All Things New
Pagan Despair Ends with the Hope & Charity of God in Christ
by Anthony Esolen
I was standing before a hundred or so people, parents and students, giving a special Family Day lecture, to show what sorts of things we talk about in our Development of Western Civilization program and, more than that, to show just a bit of what can happen in a school whose classrooms are all marked with a crucifix.
“Where is hope to be found?” I asked, remarking that at the end of Rome’s civil war, with the accession of Augustus Caesar, the poet Virgil had attempted to resuscitate in epic poetry the old Roman virtue of pietas. That virtue had embraced one’s duty to one’s father, to the patria or fatherland, to the household gods (tutelary ancestral shades), and to the great gods. But in Virgil’s vision it seems also to embrace what the Italian language, centuries later, would mean by pieta: mercy for weak and suffering mankind.
Virgil at times suggests that if there is any hope for us in this world of labor and tears, it is in the practice of pietas. So in the Aeneid he defines his hero Aeneas not by the implacable wrath of Achilles, nor by the cunning of Odysseus, but by piety. “ Sum pius Aeneas,” says the hero, without any trace of pride—“I am pious Aeneas.” He fights when he needs to, and not for the delight of battle. He gives up his desire to die with the fall of his native Troy, and instead follows the will of the gods to lead his refugee people to a new land. He does not concoct fine plans for the defeat of his enemies, but consults with his aged father Anchises, both on earth and even in the underworld, for advice on where he should sail, or whom he should seek for an ally in Italy, where the Trojans have disembarked.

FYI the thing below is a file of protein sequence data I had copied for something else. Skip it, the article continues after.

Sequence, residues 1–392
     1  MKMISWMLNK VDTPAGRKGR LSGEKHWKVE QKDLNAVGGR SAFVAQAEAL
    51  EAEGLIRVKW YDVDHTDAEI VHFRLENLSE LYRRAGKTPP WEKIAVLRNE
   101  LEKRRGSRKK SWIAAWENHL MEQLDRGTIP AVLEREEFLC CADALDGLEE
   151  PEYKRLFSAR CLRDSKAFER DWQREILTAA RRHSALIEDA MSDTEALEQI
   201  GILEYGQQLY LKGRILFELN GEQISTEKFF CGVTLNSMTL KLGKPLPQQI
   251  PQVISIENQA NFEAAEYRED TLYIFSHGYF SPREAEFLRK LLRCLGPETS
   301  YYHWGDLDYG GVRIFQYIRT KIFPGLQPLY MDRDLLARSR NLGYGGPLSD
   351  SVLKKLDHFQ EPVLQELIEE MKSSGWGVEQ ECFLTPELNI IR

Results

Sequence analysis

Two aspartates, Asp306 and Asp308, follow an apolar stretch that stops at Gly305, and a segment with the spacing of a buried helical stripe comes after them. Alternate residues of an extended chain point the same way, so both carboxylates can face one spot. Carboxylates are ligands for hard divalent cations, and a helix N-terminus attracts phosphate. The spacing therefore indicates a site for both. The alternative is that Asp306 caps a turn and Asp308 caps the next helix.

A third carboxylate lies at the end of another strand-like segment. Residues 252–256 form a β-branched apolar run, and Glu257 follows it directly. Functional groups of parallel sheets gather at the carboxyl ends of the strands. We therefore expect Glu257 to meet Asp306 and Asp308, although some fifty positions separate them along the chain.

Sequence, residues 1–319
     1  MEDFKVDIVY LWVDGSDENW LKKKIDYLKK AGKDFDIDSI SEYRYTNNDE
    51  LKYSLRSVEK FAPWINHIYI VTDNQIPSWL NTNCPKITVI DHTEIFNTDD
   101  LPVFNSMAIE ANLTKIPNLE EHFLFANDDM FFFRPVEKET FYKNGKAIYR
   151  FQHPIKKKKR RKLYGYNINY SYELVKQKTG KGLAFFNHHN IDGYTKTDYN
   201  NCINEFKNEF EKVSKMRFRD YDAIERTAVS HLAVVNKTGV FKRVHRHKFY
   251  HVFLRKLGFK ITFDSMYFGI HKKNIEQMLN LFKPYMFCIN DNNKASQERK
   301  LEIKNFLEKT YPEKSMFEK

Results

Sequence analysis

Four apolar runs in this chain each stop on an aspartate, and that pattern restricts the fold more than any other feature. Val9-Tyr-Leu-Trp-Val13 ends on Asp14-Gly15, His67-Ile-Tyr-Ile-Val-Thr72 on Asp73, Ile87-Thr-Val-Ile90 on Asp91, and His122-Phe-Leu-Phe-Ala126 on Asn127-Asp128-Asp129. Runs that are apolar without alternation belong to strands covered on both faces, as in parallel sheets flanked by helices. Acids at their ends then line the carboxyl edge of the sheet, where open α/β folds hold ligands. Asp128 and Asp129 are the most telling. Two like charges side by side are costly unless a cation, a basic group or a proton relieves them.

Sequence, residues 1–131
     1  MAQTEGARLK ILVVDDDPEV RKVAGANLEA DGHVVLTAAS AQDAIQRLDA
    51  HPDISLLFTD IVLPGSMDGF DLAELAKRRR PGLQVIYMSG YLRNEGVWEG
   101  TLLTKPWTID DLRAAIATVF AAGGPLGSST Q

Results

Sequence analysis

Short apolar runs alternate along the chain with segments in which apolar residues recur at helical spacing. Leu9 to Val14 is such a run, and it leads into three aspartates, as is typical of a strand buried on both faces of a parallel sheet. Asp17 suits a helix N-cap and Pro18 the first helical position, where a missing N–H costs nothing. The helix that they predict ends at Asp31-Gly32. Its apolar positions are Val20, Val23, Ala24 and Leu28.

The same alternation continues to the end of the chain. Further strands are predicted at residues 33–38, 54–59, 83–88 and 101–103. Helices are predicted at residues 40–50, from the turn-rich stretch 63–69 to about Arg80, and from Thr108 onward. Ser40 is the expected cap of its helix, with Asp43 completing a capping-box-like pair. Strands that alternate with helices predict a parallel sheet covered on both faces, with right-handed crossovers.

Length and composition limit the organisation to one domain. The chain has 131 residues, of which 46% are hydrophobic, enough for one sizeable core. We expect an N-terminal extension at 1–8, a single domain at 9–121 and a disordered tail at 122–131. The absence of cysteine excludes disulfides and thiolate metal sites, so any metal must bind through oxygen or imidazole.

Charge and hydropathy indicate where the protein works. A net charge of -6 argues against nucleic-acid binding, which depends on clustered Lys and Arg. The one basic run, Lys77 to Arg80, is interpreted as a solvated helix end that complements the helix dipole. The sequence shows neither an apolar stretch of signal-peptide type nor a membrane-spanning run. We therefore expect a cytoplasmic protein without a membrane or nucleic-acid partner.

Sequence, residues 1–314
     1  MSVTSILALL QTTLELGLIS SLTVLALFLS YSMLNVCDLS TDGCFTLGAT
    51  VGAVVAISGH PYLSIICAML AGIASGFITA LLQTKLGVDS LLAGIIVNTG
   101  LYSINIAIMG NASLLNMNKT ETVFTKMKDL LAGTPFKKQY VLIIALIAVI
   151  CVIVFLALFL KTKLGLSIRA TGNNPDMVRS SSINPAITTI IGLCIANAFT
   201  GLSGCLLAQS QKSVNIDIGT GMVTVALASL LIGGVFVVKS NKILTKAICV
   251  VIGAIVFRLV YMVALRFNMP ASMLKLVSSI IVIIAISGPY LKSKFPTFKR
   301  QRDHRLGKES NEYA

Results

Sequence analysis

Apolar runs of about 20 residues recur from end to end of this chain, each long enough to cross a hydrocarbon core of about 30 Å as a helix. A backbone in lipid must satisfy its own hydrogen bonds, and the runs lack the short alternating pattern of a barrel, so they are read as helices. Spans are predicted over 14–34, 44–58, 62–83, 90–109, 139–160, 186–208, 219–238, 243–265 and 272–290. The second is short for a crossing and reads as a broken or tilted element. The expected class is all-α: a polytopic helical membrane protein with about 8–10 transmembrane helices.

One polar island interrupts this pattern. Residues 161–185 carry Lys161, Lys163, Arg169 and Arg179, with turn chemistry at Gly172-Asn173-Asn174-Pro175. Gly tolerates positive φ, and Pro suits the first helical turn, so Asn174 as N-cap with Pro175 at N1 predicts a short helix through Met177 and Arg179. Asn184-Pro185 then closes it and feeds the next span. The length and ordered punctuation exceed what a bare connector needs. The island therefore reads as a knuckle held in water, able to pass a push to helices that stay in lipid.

Bernini sculpted Aeneas in his emblematic moment of piety: leading his father and young son safely out of Troy. He carries his crippled father, having thrown a lionskin over his shoulders for the old man’s comfort, while the father carries the holy figurines of the household gods. Ascanius, Aeneas’s son, follows closely behind, carrying a small lamp.